- talked a little more about eugenics. Don’t forget that eugenics was a theory advanced by a good number of “respectable” people in both Europe and America in the first half of the 20th century. That theory involved things like forced sterilizations of some “undesirables” — specifically, people with physical or mental infirmities, but also minorities in some cases — and the encouragement of birth control (including abortion) to stop these undesirables from reproducing.
- posed this question: almost everyone now acknowledges that eugenics is discredited. But how different is it, really, from things that are widely condoned now, like trying to create “designer babies” and the abortion of babies with birth defects? Maybe less than we’d like to believe, in our enlightened modern world.
- added an item to our list of “Stuff That Scares Us”: Playing God. The terms “God syndrome” and “God complex” were suggested as alternatives, and both have some merit. But I like “playing God” because of the childlike aspect of it: it suggests that, as advanced as we may think ourselves, we’re really just playing in the cosmic sandbox. And when we forget that, horror is often the result. (You could make the case that all horror involves some “playing God,” in the sense that this might be another term for hubris. But I think “playing God” suggests a more willful boundary crossing, like that of mad scientist types — as opposed to those who do it carelessly.)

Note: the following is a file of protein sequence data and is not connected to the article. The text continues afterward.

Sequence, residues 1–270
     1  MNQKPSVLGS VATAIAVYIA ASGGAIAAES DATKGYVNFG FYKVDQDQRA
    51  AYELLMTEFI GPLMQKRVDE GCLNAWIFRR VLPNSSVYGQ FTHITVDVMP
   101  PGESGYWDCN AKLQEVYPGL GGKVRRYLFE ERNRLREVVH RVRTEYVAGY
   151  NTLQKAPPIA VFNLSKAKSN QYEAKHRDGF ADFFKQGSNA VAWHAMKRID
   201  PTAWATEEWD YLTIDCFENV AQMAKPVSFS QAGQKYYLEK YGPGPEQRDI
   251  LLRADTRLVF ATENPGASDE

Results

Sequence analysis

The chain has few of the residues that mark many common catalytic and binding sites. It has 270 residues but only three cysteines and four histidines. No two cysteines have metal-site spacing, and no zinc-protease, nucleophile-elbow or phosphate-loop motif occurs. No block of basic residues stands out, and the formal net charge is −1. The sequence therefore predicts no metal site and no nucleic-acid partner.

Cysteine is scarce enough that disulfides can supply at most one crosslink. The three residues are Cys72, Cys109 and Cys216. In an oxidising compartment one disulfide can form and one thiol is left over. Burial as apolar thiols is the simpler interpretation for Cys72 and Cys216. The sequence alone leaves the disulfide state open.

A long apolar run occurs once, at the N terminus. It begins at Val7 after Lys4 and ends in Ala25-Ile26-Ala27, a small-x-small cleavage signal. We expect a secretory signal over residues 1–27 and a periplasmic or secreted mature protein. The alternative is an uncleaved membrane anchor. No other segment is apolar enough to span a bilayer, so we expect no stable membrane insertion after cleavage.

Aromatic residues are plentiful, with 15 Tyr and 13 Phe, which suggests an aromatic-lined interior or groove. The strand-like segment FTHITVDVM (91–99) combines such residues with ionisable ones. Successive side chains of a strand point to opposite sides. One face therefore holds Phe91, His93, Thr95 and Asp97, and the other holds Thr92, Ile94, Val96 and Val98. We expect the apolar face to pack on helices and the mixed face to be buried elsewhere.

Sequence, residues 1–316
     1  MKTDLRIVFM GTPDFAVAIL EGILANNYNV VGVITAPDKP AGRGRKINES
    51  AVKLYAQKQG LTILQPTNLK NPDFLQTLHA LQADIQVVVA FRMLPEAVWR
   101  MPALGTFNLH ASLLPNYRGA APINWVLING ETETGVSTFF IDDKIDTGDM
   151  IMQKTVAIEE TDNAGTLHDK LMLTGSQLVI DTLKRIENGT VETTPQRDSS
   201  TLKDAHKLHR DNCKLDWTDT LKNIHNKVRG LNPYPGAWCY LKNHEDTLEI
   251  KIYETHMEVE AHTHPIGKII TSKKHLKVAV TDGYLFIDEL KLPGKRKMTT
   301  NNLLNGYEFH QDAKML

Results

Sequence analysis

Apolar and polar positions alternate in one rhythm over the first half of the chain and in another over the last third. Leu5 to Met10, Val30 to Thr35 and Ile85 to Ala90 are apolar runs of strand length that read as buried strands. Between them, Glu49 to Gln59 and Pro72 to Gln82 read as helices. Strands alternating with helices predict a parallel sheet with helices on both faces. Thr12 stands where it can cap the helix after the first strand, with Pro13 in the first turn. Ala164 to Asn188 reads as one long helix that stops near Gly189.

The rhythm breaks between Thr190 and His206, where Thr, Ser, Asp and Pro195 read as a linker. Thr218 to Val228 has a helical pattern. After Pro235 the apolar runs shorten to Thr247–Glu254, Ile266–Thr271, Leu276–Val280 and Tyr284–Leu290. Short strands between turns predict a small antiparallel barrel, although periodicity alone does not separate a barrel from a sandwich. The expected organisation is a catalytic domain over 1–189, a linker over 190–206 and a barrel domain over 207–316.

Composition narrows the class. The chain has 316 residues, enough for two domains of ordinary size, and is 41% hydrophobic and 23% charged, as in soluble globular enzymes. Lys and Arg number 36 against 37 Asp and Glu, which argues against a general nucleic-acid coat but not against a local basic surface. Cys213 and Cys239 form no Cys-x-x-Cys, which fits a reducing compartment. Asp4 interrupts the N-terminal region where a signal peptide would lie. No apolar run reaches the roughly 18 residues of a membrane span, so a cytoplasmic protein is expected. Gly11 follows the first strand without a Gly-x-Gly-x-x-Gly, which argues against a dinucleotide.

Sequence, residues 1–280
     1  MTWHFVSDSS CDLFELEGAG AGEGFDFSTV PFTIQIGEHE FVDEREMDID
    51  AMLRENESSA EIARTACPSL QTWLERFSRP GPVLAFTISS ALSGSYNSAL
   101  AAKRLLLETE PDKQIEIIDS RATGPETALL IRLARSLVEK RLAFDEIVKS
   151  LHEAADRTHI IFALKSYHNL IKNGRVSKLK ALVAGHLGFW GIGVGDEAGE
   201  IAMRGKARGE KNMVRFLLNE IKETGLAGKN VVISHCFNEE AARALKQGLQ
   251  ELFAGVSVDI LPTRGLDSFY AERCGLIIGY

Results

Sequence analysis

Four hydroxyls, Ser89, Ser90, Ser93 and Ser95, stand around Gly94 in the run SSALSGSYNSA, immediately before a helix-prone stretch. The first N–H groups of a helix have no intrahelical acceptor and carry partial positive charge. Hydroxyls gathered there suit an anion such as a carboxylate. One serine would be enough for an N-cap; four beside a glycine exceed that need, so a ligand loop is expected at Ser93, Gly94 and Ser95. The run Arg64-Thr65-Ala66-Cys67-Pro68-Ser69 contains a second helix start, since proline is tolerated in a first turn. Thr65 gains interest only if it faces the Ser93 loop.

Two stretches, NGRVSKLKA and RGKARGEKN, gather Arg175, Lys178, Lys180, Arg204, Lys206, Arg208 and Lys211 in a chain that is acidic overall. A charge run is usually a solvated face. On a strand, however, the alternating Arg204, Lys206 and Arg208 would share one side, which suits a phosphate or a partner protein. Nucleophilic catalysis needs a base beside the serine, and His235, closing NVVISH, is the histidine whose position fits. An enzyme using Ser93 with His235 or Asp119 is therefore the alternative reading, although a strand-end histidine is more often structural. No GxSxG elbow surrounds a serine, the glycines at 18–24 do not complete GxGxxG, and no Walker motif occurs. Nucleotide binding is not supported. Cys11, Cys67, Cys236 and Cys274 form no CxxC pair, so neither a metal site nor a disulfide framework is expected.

- listened to this podcast about the science behind Pittsburgh’s ScareHouse. If you missed it, listen in: it only takes about 15 minutes, and I think it’s pretty cool that a well-known local place employs a sociologist to study the effect of what scares people. Kind of like us! You probably heard a couple of things that match up with our list. (There are also some interesting links at the bottom to other scare-related broadcasts.)
Remember: reading quiz Wednesday on chapters 42-47 from Pet Sematary.
Middle School Rotation: Used our advanced mathematics skills to figure out that you guys spend an average of two hours being transported to and from school daily — which figures out to 90 full, 24-hour days over a six-year high school career. #Respect!
Middle School Lit Arts Enrichment: Quiz on chapters 10-15 of Neverwhere. We talked about two key points: that Richard does change, noticeably (Hunter is the one who notices) after he successfully passes his ordeal. He becomes more mature, more of a man. This is an old, old idea, but it has animated countless works of literature. (And obviously, it can apply to female characters as well.)
The second point is that Islington turns out to be a traitor. This is a classic example of the Shapeshifter archetype, and we discussed, briefly, some other examples: Scar, Ursula, Snape, etc. This archetype is used again and again: the reason is not just because it can provide a huge surprise (usually a good thing), but because it plays into one of our greatest fears: being betrayed, and left exposed and looking foolish (or worse). Most of us have experienced this. Authors exploit it because it is a universal fear that we never really outgrow.